To the Editor.—
My compliments to Spencer et al for an excellent clinical outcome by the use of plasma exchange in a female patient thought to have postpartum hemolytic uremic syndrome (HUS) (1982;247:2808). Unfortunately, the authors have fallen into the clinical trap of describing the trees but missing the forest.The condition present in their patient is a variant of severe preeclampsia comprised of microangiopathic hemolytic anemia, which caused the hemolysis (H), elevated levels of liver enzymes (EL), and thrombocytopenia (LP indicates low platelet count).1 The term HELLP syndrome has been given to this compilation of symptoms that may occur ante partum or post partum. The treatment described of plasma exchange has been used at the University of Arizona, Tucson, as well as by other investigators.2The various forms of preeclampsia are often misdiagnosed, resulting in excessive perinatal and maternal morbidity and mortality.3 The clinician who is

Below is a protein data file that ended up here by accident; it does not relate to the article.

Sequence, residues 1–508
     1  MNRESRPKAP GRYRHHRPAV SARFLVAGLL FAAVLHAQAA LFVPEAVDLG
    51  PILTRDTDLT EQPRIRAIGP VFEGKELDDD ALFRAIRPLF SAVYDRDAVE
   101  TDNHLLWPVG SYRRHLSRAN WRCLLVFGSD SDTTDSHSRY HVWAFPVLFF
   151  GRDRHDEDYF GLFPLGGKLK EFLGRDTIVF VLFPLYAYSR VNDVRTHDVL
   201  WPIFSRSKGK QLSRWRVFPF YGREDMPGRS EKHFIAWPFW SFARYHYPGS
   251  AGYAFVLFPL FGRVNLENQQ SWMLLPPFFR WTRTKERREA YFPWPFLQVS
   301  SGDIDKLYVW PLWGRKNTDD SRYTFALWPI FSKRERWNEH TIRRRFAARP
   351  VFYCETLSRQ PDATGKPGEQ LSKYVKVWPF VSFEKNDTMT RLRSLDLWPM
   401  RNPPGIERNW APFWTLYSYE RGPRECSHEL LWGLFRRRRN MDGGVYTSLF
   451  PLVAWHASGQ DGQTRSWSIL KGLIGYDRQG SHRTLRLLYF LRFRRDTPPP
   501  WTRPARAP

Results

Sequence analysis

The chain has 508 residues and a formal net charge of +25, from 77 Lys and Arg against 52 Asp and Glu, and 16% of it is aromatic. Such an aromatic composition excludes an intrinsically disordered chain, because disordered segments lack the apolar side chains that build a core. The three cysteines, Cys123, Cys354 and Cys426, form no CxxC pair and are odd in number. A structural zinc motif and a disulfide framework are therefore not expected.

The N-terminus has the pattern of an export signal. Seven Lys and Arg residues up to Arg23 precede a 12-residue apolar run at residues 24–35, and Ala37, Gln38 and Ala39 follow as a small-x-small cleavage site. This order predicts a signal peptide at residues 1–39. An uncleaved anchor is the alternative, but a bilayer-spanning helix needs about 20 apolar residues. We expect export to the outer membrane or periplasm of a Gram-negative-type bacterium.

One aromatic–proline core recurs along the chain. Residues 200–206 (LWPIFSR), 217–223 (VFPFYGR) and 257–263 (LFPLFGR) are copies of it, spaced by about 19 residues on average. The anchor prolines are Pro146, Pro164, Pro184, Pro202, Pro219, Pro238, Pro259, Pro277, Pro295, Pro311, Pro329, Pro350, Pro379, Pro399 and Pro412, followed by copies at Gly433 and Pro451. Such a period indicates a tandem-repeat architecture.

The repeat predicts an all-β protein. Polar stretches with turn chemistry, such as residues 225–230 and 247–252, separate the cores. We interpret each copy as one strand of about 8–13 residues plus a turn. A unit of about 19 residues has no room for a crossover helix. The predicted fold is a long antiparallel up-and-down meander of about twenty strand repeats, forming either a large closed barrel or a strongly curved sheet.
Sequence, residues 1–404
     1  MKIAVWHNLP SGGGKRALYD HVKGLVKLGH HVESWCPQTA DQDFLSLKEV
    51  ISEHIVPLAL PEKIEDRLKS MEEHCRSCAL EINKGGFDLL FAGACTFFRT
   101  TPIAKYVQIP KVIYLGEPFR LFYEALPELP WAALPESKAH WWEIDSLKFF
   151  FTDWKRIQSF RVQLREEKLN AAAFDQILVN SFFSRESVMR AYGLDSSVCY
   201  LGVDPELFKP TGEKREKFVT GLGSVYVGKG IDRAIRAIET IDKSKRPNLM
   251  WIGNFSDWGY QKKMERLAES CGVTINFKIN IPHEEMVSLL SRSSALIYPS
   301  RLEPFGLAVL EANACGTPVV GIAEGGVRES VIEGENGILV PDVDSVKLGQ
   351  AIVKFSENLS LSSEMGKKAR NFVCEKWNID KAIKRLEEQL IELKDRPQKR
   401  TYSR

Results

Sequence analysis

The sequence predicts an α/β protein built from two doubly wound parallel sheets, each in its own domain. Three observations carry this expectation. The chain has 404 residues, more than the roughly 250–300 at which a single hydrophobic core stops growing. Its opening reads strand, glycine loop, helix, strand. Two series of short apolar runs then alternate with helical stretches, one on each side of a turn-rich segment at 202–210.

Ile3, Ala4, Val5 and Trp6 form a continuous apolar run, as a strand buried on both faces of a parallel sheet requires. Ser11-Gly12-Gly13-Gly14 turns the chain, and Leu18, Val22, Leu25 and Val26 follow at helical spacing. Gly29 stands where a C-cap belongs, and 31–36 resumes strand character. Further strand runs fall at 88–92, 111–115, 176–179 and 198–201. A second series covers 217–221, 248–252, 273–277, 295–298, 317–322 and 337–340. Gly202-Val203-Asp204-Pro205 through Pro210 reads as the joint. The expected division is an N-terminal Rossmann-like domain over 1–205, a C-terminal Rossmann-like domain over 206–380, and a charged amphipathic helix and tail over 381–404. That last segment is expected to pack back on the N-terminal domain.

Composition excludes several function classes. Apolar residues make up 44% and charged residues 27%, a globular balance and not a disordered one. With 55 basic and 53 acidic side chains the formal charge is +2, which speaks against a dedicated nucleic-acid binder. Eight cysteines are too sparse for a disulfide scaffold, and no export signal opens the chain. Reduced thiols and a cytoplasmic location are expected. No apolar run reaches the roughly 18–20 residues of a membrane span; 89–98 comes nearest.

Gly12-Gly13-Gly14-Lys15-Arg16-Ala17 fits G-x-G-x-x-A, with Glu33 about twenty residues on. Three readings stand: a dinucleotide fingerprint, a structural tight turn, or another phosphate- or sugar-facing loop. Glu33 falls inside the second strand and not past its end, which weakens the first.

Weinstein L. Postpartum Hemolytic Uremic Syndrome. JAMA. 1982;248(19):2449. doi:10.1001/jama.1982.03330190019012
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